Why Big Red Diary?

old buildings and good grub…

Old buildings eh? A leaky radiator in the apartment – typically it leakes in the middle. Who know that these old radiators are mad up of sections – you take them all apart, remove the broken bit and then re-assemble!

Still, it took 36 hours and the weather was damn cold!

It’s taken far too long, but I finally got to La Lune in Beaune this week – it’s been open for the best part of of a year too – but a mix of good and quite brilliant menu items that are all modestly priced. We washed it down with a bottle of David Moreau’s Côte de Beaune Villages – a wine that’s basically Santenay and totally tasty!

with a little help from drugs ;-)

Really hard to get out of the door this morning – some virus was giving me a headache – or maybe that was the lack of sleep – probably both! But a beautiful day and the paracetamol slowly kicked-in. I was amazed to see a number of lizards basking in the sunshine today – already in February!

Worth the effort…

Mainly Mercurey…

today’s Beauneblick…

Ouf – accounts. I finished January’s at any rate today…

Of-course it’s important to get out – even with a stupid chesty-cough – particularly when there’s a nice colour to the waning sunlight 😉 Playing here with an old manual focus lens – I chose the ones that weren’t too badly focused 😉

Tomorrow I’m off to Mercurey.

Views of Beaune today…

Mutually Assured (scoring) Destruction (shorthand – 99 points!)

Fullscreen capture 08022015 141717
Copyright Mark Zuckerberg, Tim Atkin, Pierre Vincent? I’ve no idea either 😉

As a numerical shorthand, scoring wines has some place when faced with a large list of potentials for your glass. I have never been an advocate of the seemingly self-important, faux-accurate scoring implied by the 100 points system but I accede to this utility.

I do sometimes score – but my 0-2 points system, plus the ‘3 for your favourite’ – a system I use in my blind reports when there are multiple tasters, but that’s something everybody can understand: 0=don’t like, 1=like, 2=would buy, plus your overall favourite =3. But 99 points?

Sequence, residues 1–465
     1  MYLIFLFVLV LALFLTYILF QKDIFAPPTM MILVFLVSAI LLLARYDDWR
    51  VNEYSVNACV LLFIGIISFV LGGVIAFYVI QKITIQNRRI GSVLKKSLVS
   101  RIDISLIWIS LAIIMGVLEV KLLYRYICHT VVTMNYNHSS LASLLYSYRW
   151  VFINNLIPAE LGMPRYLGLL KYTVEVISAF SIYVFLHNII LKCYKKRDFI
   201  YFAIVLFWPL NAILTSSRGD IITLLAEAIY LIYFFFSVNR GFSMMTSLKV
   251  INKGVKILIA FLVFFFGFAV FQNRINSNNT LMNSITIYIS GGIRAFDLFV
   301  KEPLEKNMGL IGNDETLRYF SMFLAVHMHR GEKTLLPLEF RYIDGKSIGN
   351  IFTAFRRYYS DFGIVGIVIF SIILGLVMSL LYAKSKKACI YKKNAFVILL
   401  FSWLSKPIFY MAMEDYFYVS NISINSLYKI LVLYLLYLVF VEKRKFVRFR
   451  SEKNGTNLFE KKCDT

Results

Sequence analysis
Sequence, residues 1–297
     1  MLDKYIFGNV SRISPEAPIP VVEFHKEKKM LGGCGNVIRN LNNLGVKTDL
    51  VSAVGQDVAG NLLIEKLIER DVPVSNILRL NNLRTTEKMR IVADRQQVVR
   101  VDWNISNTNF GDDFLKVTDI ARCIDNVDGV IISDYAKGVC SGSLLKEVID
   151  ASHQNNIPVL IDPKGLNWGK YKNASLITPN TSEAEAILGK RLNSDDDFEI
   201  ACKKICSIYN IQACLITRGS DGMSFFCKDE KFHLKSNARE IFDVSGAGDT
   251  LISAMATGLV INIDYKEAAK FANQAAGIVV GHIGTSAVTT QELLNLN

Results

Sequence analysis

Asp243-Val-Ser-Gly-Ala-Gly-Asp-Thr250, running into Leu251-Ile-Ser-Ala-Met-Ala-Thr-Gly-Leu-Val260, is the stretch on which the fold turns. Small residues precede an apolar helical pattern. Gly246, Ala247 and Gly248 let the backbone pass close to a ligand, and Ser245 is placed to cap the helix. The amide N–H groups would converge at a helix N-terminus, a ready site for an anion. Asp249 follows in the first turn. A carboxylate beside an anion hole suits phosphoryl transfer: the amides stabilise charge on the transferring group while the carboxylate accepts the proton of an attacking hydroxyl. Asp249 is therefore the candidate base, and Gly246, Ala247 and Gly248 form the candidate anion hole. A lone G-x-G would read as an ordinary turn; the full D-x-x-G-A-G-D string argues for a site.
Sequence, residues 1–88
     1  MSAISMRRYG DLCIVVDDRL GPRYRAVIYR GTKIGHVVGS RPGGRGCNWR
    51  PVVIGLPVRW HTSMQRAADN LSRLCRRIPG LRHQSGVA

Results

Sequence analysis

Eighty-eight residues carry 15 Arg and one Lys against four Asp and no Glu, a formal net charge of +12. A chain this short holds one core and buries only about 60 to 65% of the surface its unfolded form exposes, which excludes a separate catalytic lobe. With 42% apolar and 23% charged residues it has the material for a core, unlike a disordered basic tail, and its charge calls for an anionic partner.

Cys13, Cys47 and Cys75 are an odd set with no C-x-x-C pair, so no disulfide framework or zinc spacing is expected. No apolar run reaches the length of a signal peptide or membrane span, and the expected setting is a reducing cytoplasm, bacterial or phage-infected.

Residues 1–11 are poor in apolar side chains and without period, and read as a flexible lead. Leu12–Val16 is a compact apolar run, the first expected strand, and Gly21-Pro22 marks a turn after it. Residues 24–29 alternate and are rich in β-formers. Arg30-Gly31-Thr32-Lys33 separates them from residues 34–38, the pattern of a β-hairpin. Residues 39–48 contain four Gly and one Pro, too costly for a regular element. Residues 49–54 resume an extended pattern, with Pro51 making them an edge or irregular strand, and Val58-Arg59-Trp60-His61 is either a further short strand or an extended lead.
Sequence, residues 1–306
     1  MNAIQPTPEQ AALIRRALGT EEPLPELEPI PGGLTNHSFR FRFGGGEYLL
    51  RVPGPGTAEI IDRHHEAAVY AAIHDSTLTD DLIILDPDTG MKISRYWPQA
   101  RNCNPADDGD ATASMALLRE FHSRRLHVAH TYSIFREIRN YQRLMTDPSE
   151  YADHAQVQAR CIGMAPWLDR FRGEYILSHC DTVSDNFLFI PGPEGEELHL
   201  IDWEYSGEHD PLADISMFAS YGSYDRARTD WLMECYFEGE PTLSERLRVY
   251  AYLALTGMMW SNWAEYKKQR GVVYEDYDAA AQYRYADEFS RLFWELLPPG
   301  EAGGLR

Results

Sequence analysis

Call me an inadequate taster, but without some initial calibration, the first wine could just as easily for me be 90 points or 91 – well actually not – the problem is that the goal-posts move almost annually. A great wine is always a great wine – those high-lighted by Tim (in Pierre’s ‘happy-post’) are indeed great wines – BUT – 2013 is a very good vintage, but it’s not an outstanding vintage. Those wines in an outstanding vintage should be more than 1 point better, but unfortunately he’s already run out of room…

Are these 99 point wines almost on a par with the greatest ever made? – by definition wines of 100 point perfection – of-course they are not, even if they are very fine indeed, hence, the scores are false! It’s hardly Tim’s fault; with obvious hard work he has slowly transformed from an ‘opinionated’ to ‘a knowledgable’ to (more importantly) an ‘insightful’ writer about burgundy’s wines, but he’s opted to be part of a system of appreciating scores – ‘score-creep’ that’s mandated by only the highest scores being useful for sales or the self-promotion of domaines, i.e. only those who gave the highest scores later seeing their names propagated. From what I’ve seen, this is now endemic for ‘southern-hemisphere’ critics but it is now very obvious in ‘old-world’ critique too. Just compare Burghound’s scores for the 1999 vintage with the same for 2004 (the latter being the least successful vintage since 1994) – his average score in 2004 was higher! Burghound started, to my reading of the situation, perfectly scoring versus the template of what good, very-good, excellent wines should be – let’s say 85, 88 and 90. The trouble for him was that other reviewers went higher. I believe that Burghound was quickly forced to go higher – just my 2 cents of opinion – but it’s symptomatic of the problem as I choose to see it.